Accidents at facilities that handle dangerous chemicals in Texas were at the center of a hearing in Washington.
Accidents at facilities that handle dangerous chemicals in Texas were at the center of a hearing in Washington. Some senators are pressing for quick action to reduce the risk of deadly chemical leaks and explosions. They wanted to know if there’s been any progress since President Obama issued an executive order to improve chemical safety, an order that followed the fertilizer explosion in the city of West.
Sen. Barbara Boxer, D-California, said she was disappointed that “little progress” had been made.
“And we know there are problems because they keep happening. And people are dying, and people are going to the hospital,” said Boxer.
Other members of the Senate committee used a recent example of yet another deadly chemical accident.
“We’ve had tragedies like the DuPont Chemical plant in La Porte Texas. And these incidents aren’t limited to Texas, they’re a national problem,” said Senator Al Franken, D-Minnesota.
The deadly accidents at the DuPont plant last month and in West last year were used as examples of why new federally-enforced rules are needed. The rules would compel companies to identify risks and come up with procedures to protect workers and nearby residents.
David Michaels with the Department of Labor testified that in both Texas calamities, people killed were people who’d rushed in to help: in West, volunteer firefighters and in La Porte, fellow workers.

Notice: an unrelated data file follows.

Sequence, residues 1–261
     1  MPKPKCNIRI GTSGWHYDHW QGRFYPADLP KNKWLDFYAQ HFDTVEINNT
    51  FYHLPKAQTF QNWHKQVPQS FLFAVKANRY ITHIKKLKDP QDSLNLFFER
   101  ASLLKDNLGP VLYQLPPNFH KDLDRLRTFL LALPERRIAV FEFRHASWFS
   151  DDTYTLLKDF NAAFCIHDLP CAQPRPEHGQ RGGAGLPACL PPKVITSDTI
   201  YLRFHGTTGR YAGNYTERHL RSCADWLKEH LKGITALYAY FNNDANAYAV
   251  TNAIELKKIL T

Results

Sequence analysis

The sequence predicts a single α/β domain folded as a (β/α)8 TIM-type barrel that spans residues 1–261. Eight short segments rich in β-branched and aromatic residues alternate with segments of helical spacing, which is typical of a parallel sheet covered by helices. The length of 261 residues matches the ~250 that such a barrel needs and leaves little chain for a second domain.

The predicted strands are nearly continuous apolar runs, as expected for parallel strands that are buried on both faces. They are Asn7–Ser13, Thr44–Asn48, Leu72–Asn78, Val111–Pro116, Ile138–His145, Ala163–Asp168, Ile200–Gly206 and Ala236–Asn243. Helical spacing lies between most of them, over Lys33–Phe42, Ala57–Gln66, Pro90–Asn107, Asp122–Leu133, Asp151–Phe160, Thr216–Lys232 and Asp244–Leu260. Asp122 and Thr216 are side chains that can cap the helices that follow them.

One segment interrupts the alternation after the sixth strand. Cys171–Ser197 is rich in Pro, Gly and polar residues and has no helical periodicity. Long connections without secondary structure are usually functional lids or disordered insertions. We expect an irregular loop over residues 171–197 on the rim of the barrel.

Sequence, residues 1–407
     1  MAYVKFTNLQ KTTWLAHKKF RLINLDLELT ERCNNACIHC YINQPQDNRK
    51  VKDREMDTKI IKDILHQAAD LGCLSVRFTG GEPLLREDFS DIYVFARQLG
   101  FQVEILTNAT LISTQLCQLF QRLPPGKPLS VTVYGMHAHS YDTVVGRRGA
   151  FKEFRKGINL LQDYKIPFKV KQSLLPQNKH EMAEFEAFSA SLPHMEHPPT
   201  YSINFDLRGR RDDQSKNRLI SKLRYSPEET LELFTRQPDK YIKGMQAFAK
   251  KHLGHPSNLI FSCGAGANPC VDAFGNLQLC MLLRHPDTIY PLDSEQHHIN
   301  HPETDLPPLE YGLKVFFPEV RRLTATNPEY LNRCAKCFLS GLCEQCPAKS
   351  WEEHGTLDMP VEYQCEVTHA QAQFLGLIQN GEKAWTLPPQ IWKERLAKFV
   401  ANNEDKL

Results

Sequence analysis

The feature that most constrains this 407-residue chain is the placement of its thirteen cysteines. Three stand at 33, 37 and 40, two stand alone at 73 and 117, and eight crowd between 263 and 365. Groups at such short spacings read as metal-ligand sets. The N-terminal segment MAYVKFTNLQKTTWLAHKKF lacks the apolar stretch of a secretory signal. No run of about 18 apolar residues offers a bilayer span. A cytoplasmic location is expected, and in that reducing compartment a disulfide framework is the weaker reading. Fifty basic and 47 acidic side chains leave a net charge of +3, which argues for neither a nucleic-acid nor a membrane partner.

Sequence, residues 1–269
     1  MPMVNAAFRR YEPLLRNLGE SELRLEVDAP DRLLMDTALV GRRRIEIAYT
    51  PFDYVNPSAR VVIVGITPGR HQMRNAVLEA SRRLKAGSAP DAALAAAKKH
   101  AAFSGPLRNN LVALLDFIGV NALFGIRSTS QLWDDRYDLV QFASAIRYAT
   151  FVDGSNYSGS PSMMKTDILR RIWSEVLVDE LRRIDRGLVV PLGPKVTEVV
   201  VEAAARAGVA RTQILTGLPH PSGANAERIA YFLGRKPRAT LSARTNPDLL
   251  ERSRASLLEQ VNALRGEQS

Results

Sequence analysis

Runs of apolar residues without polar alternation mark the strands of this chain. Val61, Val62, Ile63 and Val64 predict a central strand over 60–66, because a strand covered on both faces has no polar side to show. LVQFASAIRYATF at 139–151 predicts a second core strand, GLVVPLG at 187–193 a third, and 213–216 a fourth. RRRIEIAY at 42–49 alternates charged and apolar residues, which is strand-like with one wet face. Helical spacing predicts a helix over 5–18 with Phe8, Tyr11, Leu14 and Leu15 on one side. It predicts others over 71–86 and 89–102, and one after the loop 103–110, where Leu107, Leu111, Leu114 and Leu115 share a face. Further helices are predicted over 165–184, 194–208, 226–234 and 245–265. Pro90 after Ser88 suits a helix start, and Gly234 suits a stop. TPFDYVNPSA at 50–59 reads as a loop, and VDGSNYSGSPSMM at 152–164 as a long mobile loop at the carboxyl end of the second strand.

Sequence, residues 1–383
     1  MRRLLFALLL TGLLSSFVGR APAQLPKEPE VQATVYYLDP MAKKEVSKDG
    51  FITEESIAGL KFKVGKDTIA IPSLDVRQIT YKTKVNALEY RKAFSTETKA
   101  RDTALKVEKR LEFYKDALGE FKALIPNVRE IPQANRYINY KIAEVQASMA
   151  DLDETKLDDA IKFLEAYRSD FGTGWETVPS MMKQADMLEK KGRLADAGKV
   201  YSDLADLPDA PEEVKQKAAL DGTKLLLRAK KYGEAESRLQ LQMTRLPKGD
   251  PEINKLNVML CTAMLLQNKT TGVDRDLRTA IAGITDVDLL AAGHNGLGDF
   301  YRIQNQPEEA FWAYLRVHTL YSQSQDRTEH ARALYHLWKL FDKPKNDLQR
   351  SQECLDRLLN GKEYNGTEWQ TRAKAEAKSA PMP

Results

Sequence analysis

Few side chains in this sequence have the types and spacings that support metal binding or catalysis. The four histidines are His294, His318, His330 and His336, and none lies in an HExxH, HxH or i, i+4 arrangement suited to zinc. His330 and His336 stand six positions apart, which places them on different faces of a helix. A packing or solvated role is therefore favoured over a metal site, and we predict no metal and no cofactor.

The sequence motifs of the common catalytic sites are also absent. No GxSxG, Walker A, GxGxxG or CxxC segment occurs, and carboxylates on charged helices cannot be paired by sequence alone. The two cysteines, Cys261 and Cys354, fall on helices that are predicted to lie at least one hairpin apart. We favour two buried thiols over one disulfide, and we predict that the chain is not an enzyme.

“These workers are heroes. And they deserve that,” Michaels told the committee.
He said workers deserve comprehensive nationwide standards which he promised that regulators would be proposing next year. Industry groups contend new regulations are not needed.
Also released today was an analysis by the Congressional Research Service prepared for Senator Edward Markey, D-Massachusetts. It found that Texas has more facilities with dangerous chemicals than any other state.
The Texas Public Interest Research Group said the report was important to Texas where earlier this year, Texas Attorney General Greg Abbott, now governor-elect, stirred controversy by ordering information on dangerous chemicals compiled by the Department of State Health Services be kept secret from the public for security reasons.